Dharavi is Mumbai’s largest slum – over 400 acres of land where nearly one million people inhabit low-lying structures erected haphazardly on former swamplands. For more than three centuries, this waterlogged region existed at the outskirts of the city – an undesirable stretch where only Mumbai’s poorest and newest residents made their homes. Over time, Dharavi’s relative location has shifted. Today this unplanned, poorly serviced tract sits strategically between the city’s two commuter lines and adjacent to the Bandra Kurla Complex, Mumbai’s new corporate hub. Land that was once deemed undesirable suddenly claims a valuable, even vital position, and parties who ignored Dharavi for over a century now show a determined interest in its rehabilitation.
In 1995, in an effort to reinvigorate key slum areas, The Maharashtra Housing and Urban Development Authority (MHADA) established the Slum Rehabilitation Authority (SRA) and put into action Mumbai’s current Slum Rehabilitation Scheme (SRS). The SRS makes innovative use of land as a resource. It offers free land, as well as additional financial incentives, to private real estate developers who agree to rehabilitate existing slum settlements.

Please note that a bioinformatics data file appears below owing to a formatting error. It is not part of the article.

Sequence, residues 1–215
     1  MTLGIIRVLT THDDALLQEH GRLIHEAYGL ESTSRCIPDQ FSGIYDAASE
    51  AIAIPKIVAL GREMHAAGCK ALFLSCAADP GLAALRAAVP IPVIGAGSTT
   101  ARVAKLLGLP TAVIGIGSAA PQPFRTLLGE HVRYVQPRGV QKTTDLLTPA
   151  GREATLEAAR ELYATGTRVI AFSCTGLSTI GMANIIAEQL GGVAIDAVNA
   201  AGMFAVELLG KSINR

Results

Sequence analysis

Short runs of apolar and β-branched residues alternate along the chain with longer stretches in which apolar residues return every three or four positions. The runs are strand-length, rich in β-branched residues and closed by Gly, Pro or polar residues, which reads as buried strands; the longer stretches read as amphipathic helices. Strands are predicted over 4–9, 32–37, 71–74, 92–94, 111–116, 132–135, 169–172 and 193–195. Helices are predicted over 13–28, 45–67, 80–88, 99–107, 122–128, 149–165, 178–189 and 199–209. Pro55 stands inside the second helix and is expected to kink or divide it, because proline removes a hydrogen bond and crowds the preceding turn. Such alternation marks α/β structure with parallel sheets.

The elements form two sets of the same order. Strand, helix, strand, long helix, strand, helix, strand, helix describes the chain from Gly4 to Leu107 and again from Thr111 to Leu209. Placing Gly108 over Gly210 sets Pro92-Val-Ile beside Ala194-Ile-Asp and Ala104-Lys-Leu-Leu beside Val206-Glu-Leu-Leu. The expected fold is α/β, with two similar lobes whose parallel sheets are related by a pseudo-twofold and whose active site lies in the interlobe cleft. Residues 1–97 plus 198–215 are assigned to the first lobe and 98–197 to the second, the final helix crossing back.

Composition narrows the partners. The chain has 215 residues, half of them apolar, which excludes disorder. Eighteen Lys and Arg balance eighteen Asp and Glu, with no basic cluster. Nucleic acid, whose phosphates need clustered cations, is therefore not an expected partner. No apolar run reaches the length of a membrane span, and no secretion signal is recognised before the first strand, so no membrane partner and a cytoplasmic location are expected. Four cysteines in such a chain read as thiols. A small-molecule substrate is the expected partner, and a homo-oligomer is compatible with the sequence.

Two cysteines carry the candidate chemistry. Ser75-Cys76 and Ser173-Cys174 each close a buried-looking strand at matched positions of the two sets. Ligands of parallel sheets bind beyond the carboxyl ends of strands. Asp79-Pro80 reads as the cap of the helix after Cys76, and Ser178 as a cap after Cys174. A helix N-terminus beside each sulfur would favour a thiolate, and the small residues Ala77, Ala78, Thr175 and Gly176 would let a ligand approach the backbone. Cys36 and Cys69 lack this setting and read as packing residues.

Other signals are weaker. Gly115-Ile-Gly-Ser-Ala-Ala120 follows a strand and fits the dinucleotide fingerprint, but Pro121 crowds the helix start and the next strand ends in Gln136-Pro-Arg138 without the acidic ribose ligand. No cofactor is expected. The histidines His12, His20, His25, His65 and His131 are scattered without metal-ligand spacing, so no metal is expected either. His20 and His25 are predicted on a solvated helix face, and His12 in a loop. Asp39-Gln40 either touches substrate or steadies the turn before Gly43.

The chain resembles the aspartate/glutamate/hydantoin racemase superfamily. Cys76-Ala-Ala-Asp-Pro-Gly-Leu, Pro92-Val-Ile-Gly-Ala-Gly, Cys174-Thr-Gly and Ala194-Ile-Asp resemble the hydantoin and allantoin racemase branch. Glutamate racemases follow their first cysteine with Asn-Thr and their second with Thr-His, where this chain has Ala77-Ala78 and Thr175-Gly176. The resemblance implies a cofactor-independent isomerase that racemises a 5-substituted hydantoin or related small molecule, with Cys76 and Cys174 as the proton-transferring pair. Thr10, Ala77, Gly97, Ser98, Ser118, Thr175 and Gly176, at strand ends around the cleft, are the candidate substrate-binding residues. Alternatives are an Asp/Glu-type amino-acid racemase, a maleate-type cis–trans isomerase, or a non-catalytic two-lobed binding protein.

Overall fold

Rethinking Dharavi investigates whether the SRS offers an effective answer to Dharavi’s housing needs. This on-going research received a Deborah J. Norden Grant from the Architectural League of New York in 2001 and Tata and Rusti Grants from The Yale Center for South Asian Studies in 2006. The project was included in Travel Reports from the Deborah J. Norden Fund (Gregory Wessner, Editor), published by the Architectural League of New York, 2006.
© superset 2015